Japan's economy slipped into recession for the first time in four-and-a-half years in the last quarter, putting the nation on course for its deepest postwar slump as the coronavirus crisis ravages businesses and consumers.
Monday's first-quarter gross domestic product (GDP) data underlined the broadening impact of the outbreak, with exports plunging the most since the devastating March 2011 earthquake as global lockdowns and supply chain disruptions hit shipments of Japanese goods.
Analysts warn of an even bleaker picture for the current quarter as consumption crumbled after the government in April requested citizens to stay home and businesses to close, intensifying the challenge for policymakers battling a once-in-a-century pandemic.
"It's a near certainty the economy suffered an even deeper decline in the current quarter," said Yuichi Kodama, chief economist at Meiji Yasuda Research Institute. "Japan has entered a full-blown recession."
The world's third-largest economy contracted an annualized 3.4% in the first quarter, preliminary official GDP data showed, less than a median market forecast for a 4.6% drop.
The slump came on top of an even steeper 7.3% fall in the October-December period, with the consecutive quarters of contraction meeting the technical definition of a recession. Japan last suffered a recession in the second half of 2015.
The coronavirus, which first emerged in China late last year, has ravaged the global economy as many nations went into strict lockdowns to curb the outbreak that has so far killed over 310,000 people worldwide. The pandemic has been massively disruptive on supply chains and businesses, particularly in trade-reliant nations such as Japan.
Indeed, the fallout of the virus on corporate Japan was telling with exports diving 6.0% in the first quarter, the biggest decline since April-June 2011.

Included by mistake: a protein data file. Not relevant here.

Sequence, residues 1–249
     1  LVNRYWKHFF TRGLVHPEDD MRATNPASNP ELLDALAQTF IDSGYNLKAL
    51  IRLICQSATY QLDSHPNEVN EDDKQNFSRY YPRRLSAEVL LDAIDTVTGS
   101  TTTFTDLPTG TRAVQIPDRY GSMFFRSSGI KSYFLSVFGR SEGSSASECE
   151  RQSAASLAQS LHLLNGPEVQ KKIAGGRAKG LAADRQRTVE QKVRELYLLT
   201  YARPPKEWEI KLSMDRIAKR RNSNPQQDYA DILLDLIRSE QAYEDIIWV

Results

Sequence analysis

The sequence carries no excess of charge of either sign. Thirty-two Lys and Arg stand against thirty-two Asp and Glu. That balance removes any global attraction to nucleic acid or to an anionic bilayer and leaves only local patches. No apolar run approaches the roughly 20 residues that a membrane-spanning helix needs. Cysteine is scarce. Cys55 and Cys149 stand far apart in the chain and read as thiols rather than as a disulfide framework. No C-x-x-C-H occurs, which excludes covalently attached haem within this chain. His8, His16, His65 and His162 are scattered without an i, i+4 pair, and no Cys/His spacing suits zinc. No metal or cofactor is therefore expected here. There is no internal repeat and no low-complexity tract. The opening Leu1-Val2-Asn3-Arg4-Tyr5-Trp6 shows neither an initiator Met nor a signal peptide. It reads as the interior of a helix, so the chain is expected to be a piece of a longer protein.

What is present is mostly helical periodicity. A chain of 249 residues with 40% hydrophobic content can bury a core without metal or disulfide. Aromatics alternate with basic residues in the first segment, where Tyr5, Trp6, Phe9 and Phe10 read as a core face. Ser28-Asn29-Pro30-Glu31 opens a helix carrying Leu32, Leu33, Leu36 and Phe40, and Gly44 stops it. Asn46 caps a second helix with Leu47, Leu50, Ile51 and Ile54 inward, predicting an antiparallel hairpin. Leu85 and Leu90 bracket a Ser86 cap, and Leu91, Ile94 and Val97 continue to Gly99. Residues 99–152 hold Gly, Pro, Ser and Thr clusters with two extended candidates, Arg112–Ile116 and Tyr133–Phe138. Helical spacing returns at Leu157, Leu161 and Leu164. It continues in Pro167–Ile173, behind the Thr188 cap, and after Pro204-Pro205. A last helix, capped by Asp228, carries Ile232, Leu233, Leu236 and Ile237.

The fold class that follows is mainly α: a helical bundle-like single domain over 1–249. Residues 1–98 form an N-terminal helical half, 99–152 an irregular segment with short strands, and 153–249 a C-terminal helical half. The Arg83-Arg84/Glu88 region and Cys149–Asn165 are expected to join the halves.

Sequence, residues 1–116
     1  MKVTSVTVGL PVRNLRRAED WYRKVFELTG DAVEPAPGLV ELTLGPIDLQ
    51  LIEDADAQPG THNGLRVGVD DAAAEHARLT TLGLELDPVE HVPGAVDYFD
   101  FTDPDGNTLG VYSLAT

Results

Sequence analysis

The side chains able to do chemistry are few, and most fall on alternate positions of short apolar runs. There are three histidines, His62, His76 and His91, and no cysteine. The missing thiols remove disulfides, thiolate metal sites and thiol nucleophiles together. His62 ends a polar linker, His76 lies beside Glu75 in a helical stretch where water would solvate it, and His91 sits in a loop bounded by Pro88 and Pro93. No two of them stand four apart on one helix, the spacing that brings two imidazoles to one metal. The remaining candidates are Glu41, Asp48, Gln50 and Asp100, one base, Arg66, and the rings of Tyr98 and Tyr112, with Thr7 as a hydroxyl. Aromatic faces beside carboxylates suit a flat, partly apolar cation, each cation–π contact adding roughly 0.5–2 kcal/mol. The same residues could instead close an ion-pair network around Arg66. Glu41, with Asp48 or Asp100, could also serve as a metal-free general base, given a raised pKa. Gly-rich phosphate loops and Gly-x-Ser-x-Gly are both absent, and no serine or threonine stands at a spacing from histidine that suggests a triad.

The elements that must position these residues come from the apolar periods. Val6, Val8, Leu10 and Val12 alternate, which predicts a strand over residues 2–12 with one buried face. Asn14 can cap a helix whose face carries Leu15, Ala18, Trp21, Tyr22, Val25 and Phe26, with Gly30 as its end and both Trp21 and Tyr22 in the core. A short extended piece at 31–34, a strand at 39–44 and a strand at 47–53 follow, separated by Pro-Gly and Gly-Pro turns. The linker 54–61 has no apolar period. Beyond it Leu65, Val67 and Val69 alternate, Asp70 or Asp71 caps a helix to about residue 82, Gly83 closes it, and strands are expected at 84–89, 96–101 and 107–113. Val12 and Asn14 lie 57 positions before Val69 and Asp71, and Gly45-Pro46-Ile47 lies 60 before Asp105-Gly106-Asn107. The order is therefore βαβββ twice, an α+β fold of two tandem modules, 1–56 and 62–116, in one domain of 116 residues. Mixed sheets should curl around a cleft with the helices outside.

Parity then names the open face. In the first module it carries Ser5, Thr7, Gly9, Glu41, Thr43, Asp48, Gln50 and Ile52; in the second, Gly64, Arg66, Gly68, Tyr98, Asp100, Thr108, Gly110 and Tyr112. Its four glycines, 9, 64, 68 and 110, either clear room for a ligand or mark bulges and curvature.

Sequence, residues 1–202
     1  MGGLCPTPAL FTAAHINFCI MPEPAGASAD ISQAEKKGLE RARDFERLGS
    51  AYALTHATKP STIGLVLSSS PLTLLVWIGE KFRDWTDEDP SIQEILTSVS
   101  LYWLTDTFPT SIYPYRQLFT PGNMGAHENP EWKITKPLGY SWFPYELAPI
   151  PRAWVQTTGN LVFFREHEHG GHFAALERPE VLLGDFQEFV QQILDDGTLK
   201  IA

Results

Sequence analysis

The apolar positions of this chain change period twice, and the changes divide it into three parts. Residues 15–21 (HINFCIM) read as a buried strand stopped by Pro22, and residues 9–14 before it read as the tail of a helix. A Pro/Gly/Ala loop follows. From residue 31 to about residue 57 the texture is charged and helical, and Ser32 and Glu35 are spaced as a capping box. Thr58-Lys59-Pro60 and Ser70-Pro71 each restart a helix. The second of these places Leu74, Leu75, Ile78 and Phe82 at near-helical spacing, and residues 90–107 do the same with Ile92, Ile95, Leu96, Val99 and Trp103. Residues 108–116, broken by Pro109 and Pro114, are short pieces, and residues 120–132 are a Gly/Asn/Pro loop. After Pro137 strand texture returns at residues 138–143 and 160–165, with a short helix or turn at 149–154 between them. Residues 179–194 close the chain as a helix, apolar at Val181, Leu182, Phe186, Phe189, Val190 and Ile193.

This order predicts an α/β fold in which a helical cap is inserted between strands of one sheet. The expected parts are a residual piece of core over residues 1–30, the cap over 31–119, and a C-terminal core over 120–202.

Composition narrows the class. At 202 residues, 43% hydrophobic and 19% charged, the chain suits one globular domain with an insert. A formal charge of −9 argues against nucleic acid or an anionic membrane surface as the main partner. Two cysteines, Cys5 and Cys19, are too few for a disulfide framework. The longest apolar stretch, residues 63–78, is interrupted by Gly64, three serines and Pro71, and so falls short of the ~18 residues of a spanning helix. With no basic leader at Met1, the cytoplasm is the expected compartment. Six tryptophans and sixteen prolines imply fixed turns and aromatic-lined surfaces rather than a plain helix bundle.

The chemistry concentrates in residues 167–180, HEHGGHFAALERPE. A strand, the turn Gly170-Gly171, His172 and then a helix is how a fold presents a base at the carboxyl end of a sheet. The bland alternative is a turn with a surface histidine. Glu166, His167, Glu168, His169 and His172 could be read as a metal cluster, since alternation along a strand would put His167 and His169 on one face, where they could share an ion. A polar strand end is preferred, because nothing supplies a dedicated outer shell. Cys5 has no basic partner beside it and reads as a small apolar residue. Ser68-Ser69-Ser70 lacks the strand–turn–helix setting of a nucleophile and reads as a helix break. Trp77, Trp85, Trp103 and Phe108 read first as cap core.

"Exports to China began to fall in February, followed by a wave of slumping shipments to Europe and the U.S.," said Takeshi Minami, chief economist at Norinchukin Research Institute.
"Exports were also hurt by slumping inbound tourism," which counts as a drop-in non-residents' purchases of Japanese services, he said.
Deeper slump, slower recovery
The shakeout in global trade was underlined in recent March data, with exports shrinking the most in nearly four years due to plunging U.S.-bound shipments.
Even the nation's major globe-trotting manufacturers weren't spared the pandemic's sweeping impact.
Toyota Motor Corp has said it will cut domestic vehicle production by 122,000 units in June and expects an 80% drop in full-year operating profit.
The gloom in Japan is expected to deepen over the coming months.
Analysts polled by Reuters estimate Japan's economy will shrink an annualized 22.0% in the current quarter, which would be a record decline, with pressure on output intensifying after Prime Minister Shinzo Abe in April declared a nationwide state of emergency amid the widening pandemic.
The emergency was lifted for most regions on Thursday but remained in effect for some big cities including Tokyo. Japan has so far reported 16,337 coronavirus cases and 756 deaths.
Private consumption, which accounts for more than half of Japan's $5 trillion economy, slipped 0.7% in January-March, less than a market forecast for a 1.6% drop, as robust demand for daily necessities partially offset the impact on services spending.
All the same, it marked the second straight quarter of decline, as households endured the double-whammy of the coronavirus and a sales tax hike to 10% from 8% in October last year.
Capital expenditure fell 0.5% in the first quarter after plummeting 4.8% in October-December last year, the GDP data showed, suggesting that uncertainty over the outlook is discouraging companies from boosting spending.
Taken together, domestic demand knocked 0.7 percentage point off GDP growth, while external demand shed 0.2 points.
All of this has put a strain on the labor market. The jobless rate in March rose to its highest in a year, while job availability slipped to a more than three-year low.
The government has already announced a record $1.1 trillion stimulus package, and the Bank of Japan expanded stimulus for the second straight month in April. Abe has pledged a second supplementary budget later this month to fund fresh spending measures to cushion the economic blow from the outbreak.
Still, many analysts warn that government support will come too little, too late.
"As always in Japan, the implementation is very slow. It will take the later half of the second quarter (and) the third quarter" for government stimulus to kick in, said Martin Schulz, chief economist at Fujitsu.
"The recovery will be slower than many are hoping for ... To recover from this crisis, it will take about two years at least."
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